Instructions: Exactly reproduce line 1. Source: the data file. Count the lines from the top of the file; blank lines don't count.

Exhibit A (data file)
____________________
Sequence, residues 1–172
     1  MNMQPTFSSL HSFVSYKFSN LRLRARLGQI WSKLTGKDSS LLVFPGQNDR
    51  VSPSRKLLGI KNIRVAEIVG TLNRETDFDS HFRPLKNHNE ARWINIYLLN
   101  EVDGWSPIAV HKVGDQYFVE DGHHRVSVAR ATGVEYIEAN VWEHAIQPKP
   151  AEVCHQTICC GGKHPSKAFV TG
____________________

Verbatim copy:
Sequence, residues 1–172